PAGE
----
Flat White

Kabul: the harbinger of western decline or the catalyst for Trump’s return

20 August 2021

4:00 AM

20 August 2021

4:00 AM

Recently revealed from the fall of Afghanistan is that President Obama exchanged Kairullah Khaikhwa, the public face of the Taliban leadership, along with four other jihadists for Bowe Bergdahl, a United States soldier turned traitor.  One interpretation of this deal is that it stemmed from Obama’s political naivete, or even contempt for his own nation.   

An alternative view is that the deal was the action of an imperious grandee confident that a benevolent gesture to a conquered backward adversary would do no harm. The latter interpretation is consistent with that of a woke administration that trumpets its cultural sensitivity but flies the rainbow flag on the US Embassy in Kabul.  To the 95% of Afghans who despise the idea of homosexuality, let alone any alphabet soup of non-traditional sexuality, this would have been seen as deliberately contemptuous imposition of American cultural values.  

Those cultural values have seriously infected the American military, now led by generals who appear to rate vocal sensitivity to the permanently offended above fighting skills. This and inept political leadership have now handed hundreds of billions of dollars of military equipment to the Taliban and hence the technology it incorporates to other adversaries, notably China.  

Six months ago, the Biden Administration was confident that a US-backed Afghanistan with its 300,000 strong well equipped armed forces complete with tanks and air support would prevail in contesting territory with a 75,000 strong rag-tag rebellion. The Biden confidence swiftly changed to projecting a three-month hold-out, which took just a week to eventuate  

Such massive intelligence and military failures can only drain our confidence in US prognostications covering a broader canvas.  Three years ago, the commander-in-chief of US Pacific forces, Admiral Dennis Blair, declared to the approval of the Brookings Institution, that China will not represent a serious strategic threat to the United States for at least twenty years 


SureChina’s military spending of $224 billion is dwarfed by the $778 billion (40 per cent of the world total) the US spends and isby most accounts, outclassed in technology.  But such assessments are contested.  Thus, the defence website Military Direct already places China as more powerful than the US andas the fall of Kabul shows, equipment is not everything.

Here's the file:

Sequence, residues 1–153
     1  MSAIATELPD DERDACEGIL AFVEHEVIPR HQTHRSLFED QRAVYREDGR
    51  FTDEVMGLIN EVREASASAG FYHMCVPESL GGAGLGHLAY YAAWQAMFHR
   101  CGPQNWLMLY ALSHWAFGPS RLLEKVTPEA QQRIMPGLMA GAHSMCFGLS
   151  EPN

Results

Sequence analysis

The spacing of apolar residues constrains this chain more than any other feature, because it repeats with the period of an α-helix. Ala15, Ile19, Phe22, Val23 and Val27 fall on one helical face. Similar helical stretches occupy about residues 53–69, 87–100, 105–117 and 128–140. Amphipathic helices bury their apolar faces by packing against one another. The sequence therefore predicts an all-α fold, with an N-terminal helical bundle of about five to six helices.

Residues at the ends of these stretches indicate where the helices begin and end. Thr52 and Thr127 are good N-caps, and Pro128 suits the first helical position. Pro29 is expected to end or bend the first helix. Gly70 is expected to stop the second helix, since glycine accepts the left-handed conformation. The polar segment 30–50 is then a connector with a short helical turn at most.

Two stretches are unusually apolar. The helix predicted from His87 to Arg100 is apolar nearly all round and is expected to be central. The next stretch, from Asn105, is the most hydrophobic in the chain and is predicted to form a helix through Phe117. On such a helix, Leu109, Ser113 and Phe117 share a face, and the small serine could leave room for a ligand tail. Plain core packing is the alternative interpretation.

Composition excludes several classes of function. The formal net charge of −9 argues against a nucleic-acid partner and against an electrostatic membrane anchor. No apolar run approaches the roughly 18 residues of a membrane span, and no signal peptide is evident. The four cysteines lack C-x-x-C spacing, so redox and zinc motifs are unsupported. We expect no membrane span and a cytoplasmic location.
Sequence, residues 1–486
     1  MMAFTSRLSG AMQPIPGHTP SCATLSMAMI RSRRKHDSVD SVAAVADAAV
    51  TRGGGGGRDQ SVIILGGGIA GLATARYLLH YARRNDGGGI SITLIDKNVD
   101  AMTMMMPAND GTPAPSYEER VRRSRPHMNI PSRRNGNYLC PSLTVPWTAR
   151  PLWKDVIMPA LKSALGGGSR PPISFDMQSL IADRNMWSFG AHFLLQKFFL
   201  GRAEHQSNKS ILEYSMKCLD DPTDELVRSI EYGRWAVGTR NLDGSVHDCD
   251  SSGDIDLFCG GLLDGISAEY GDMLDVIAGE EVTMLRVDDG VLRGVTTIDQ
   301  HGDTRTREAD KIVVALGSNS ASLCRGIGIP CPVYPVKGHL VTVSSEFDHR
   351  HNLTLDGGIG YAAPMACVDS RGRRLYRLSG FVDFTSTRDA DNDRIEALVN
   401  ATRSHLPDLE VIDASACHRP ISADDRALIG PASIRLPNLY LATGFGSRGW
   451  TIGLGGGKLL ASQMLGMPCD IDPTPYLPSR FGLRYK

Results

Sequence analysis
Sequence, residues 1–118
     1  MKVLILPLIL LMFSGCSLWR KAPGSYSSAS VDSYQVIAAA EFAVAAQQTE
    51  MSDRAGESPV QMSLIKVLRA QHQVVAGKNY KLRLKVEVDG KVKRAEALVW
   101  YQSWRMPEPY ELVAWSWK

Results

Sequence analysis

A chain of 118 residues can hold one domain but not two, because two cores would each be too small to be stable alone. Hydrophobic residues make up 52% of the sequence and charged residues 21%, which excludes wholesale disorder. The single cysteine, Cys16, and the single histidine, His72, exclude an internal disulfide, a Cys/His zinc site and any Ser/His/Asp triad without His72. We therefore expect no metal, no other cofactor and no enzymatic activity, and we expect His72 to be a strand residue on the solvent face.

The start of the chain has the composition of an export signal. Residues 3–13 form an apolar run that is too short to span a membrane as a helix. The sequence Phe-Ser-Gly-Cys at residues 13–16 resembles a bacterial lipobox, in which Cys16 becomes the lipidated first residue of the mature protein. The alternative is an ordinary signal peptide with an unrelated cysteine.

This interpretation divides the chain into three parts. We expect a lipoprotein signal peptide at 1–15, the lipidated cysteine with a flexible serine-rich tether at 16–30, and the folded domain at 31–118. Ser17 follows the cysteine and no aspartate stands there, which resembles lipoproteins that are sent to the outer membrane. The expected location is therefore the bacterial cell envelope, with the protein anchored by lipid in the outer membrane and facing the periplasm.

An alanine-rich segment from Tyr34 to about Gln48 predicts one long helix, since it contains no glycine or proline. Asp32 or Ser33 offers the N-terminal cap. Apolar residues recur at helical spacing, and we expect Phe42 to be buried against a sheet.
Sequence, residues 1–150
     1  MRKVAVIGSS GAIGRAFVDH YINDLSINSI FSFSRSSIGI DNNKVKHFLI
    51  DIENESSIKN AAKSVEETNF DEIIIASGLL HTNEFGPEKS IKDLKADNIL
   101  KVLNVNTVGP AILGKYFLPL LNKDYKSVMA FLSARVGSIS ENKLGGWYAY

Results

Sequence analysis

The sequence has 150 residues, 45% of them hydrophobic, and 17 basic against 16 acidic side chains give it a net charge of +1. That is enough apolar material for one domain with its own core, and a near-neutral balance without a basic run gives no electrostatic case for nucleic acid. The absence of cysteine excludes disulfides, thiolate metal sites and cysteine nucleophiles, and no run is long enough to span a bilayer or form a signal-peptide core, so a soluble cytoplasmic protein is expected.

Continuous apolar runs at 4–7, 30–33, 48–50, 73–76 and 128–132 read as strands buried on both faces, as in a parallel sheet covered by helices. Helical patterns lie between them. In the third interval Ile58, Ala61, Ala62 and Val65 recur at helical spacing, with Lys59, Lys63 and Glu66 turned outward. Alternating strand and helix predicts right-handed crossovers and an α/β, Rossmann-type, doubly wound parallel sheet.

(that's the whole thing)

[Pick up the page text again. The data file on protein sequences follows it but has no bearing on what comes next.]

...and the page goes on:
China is showing a growing belligerence and self-confidence exemplified by constant probing of the defences of Taiwan and Japan, aggressive island-building in the South China Sea, its Belt and Road foreign funding program, as well as a willingness to punish US allies like Australia who lecture it on political matters.  

In achieving its present economic stature, China seems to have resolved the “agency” problem which plagues the achievement of economic efficiency when government directions loom large in commercial decision making.  Within China’s fast-growing economy there is at least 40 per cent of production under government ownership, while private industry also takes more directions from the government than is evident in conventional market economies.  China’s post-1975 eight per cent annual growth means it is now 50 times greater in size than in 1975 and will overtake the US (with its two per cent historical growth rate) later this decade — a year or so earlier if it absorbs Taiwan. 

In the all-important area of energy, China mouths diplomatic obeisance to the west’s high priests of climate change, while recognising that the transformation of the world from poverty has taken place only in the past 250 years and has been due to coal, oil and gas replacing human and animal muscle power.  China will soon have 3,000 coal-fired power stations (Australian government policies are forcing the closure of our 60 remaining ones), with the steady increase in their numbers having comprised the backbone of the nation’s transformation from an industrial minnow to hosting half the world’s manufacturing.     

By contrast, the West continues to self-harm with massive, wasteful government spending and a policy of dismantling its vital energy infrastructureThe myth shared by all too many politicians and business leaders is that market induced “energy transition” is underway.  The perception is that low cost, reliable electricity generated by wind and solar will replace dinosaur fossil fuel plants and old-fashioned petrol-powered vehicles. In reality not one megawatt of wind or solar energy has been built anywhere in the world without a subsidy.   

Ominous in this regard is the Biden Administration’s “Build back better” infrastructure program. Within this $4.5 trillion of new spending, only 15 per cent is allocated to roads and other growth facilitators (as opposed to sums earmarked for climate change agendas, as well as pensions, social housing and so on)  

By directing expenditures away from growthinducing areas and by increasing taxes on profits, the infrastructure tax-and-spend program will add to other wealth suppressing measures.  These include terminating work on the pipeline from Canada, introducing new regulations to reduce carbon dioxide emissions, and closing federal lands to new oil, gas and coal leases (including those with potentially massive oil reserves in Alaska).   

On Hannity yesterday Donald Trump virtually announced he will run for President in 2024, adding that it was not yet possible to formally declare his candidacy because of US electoral laws. That is about the best news we’ve had from the US for some time. The downside is that three years from now may be too late to save the US economy and nullify its political epitaph, “harmless as an enemy, treacherous as a friend”coined by Bernard Lewis and recalled by Mark Steyn.   

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